The Age of Scientific Sexism: How Evolutionary Psychology Promotes Gender Profiling and Fans the Battle of the Sexes by Mari RutiThe Age of Scientific Sexism: How Evolutionary Psychology Promotes Gender Profiling and Fans the Battle of the Sexes by Mari Ruti

The Age of Scientific Sexism: How Evolutionary Psychology Promotes Gender Profiling and Fans the…

byMari Ruti

Paperback | July 30, 2015

Pricing and Purchase Info

$41.90

Earn 210 plum® points

Prices and offers may vary in store

Out of stock online

Not available in stores

about

We trust our sciences to operate on a plane of objectivity and fact in a world of subjectivity and cultural ideologies, but should we? In The Age of Scientific Sexism, philosopher Mari Ruti offers a sharp critique of the gender profiling tendencies of evolutionary psychology, untangling the insidious threads of various gender mythologies that have infiltrated-or perhaps even define-this faux-science. Selling stereotypes as scientific facts, evolutionary psychology continually brings retrograde models of sexuality into mainstream culture: it insists that men and women live in two completely different psychological, emotional, and sexual universes, and that they will consequently always be locked in a vicious battle of the sexes. Among these regressive arguments is the assumption that men's sexuality is urgent and indiscriminate, whereas women are "naturally" reluctant, reticent, and choosy-a concept constructed to justify masculine behavior, such as cheating, that women have historically found painful. On its most basic level, The Age of Scientific Sexism explores our impulse to "explain" romantic behavior through science: in the increasingly egalitarian gender landscape of our society, why are we so eager to embrace the rampant gender profiling that evolutionary psychology promotes? Perhaps these simplistic gender caricatures owe their popularity, at least in part, to our overly pragmatic society pragmatic society, which encourages us to search for easy answers to complex questions.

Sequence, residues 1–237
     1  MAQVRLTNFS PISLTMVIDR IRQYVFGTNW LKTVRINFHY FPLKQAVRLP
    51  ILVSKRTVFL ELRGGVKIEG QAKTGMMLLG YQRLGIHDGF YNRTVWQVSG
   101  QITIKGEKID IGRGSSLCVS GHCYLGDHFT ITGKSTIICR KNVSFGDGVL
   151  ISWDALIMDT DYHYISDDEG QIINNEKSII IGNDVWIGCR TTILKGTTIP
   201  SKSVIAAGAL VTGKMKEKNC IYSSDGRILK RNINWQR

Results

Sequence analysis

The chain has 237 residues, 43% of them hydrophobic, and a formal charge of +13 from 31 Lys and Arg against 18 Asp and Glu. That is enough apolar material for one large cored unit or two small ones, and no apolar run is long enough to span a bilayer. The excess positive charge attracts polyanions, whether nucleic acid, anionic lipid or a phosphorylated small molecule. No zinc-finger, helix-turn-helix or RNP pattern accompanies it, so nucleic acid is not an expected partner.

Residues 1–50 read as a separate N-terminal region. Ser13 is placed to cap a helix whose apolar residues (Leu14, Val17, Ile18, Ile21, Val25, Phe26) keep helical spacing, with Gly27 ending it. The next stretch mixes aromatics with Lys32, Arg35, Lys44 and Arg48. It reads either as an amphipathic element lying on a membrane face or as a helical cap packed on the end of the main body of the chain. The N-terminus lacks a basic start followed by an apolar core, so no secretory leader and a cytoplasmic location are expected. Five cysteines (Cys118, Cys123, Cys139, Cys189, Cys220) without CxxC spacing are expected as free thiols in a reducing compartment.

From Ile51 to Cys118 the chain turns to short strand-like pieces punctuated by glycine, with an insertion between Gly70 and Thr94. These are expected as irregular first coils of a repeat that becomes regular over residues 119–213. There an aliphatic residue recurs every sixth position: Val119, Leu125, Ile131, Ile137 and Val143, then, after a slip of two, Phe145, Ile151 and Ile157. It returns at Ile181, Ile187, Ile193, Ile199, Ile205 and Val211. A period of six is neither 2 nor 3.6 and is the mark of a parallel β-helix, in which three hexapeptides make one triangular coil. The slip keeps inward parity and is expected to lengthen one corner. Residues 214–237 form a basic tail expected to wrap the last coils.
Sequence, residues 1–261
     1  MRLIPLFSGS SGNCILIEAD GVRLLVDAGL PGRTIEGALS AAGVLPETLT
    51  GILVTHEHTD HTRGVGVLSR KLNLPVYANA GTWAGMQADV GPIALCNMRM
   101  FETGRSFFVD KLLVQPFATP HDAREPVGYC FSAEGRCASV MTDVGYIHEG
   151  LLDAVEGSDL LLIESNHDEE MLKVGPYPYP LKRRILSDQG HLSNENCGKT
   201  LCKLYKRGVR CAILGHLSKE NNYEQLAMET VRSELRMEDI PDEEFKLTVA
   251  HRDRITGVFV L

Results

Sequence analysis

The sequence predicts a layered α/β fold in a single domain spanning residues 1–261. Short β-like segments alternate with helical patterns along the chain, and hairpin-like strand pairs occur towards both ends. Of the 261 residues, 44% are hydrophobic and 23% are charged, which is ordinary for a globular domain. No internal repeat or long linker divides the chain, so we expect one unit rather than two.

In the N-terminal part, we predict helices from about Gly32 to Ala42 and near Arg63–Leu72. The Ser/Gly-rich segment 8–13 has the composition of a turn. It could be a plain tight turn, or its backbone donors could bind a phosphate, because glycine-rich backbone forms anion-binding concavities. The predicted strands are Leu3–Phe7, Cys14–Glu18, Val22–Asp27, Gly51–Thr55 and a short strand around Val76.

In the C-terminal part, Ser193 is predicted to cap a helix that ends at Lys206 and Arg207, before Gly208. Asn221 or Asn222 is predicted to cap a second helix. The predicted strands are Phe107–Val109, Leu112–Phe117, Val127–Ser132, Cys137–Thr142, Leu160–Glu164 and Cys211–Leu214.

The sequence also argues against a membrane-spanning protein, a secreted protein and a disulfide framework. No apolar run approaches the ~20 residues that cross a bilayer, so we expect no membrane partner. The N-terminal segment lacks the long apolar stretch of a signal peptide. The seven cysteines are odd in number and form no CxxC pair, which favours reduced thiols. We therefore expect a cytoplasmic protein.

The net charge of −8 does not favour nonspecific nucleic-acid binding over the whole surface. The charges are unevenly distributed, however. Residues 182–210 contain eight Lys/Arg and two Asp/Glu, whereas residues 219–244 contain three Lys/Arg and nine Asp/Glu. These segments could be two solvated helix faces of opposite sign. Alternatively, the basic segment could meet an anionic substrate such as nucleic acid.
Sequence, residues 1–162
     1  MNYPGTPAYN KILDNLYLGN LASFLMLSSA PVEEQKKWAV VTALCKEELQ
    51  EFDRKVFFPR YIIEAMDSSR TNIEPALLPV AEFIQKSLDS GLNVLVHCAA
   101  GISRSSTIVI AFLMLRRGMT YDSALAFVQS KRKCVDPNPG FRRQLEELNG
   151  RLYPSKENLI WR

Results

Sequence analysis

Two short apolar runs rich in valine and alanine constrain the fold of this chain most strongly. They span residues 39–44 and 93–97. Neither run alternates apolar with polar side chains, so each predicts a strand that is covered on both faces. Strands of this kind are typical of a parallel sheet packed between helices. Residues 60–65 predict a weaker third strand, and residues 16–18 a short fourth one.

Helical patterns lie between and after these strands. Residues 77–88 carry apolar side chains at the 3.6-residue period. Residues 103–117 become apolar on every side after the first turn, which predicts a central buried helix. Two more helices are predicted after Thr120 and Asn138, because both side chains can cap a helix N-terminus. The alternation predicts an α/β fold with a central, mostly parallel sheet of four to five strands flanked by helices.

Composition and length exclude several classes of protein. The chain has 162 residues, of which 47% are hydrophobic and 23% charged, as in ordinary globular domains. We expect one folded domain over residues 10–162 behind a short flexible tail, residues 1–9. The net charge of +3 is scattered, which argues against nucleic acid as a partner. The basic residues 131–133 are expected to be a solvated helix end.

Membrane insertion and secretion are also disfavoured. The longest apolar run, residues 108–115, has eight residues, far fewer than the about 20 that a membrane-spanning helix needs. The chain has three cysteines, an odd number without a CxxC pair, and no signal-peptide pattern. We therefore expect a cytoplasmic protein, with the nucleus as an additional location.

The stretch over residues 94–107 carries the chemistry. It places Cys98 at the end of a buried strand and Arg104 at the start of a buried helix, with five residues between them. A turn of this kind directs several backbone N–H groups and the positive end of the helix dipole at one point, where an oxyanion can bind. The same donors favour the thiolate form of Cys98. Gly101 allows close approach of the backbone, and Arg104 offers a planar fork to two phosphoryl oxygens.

Mari Ruti is Professor of Critical Theory at the University of Toronto, Canada, and Director of Graduate Studies and Visiting Professor of Studies of Women, Gender, and Sexuality at Harvard University, USA. She is the author of five academic books, including The Summons of Love (2011), The Singularity of Being: Lacan and the Immortal W...
Loading
Title:The Age of Scientific Sexism: How Evolutionary Psychology Promotes Gender Profiling and Fans the…Format:PaperbackDimensions:224 pages, 8.5 × 5.5 × 0.5 inPublished:July 30, 2015Publisher:BloomsburyLanguage:English

The following ISBNs are associated with this title:

ISBN - 10:1628923792

ISBN - 13:9781628923797

Reviews

Rated 5 out of 5 by from perfect required reading for the 21st century.
Date published: 2017-01-06

Table of Contents

Introduction 1. The Myopia of Men versus Women 2. The Ideology of Gender Difference 3. The Arrogance of the Backlash 4. The Downfall of the Coy Female 5. The Cruelty of Optimism Conclusion

Editorial Reviews

With wit and directness, Ruti (philosophy, Univ. of Toronto) deconstructs popular accounts of evolutionary psychology regarding sex and gender. Being an outsider to the field of evolutionary psychology (her field is critical theory), Ruti positions herself as a nonspecialist reader and analyzes understandings of sex and gender as developed in literature targeting that group of nonspecialists. In the first two chapters, she outlines the standard narrative of sexuality and gender, as delivered in popular work on evolutionary psychology, by examining the work of Robert Wright and David Buss. In chapters 3 and 4, she uses the work of Geoffrey Miller and of Christopher Ryan and Cacilda Jeth¿ to outline some of the contemporary modifications of the standard narrative. In the last chapter Ruti proposes that current evolutionary arguments promote the mainstream understanding of mating behavior as a pillar for heteronormativity in terms of both reproduction and marriage. The author is insightful and clever in delineating the ideological implications of the logical and empirical limitations of evolutionary psychology, especially as presented to the general public. Interesting and intellectually stimulating, this book is a must read for everyone interested in psychology, gender, and sexuality studies. Summing Up: Essential. Upper-division undergraduates, graduate students, researchers, faculty, and professionals.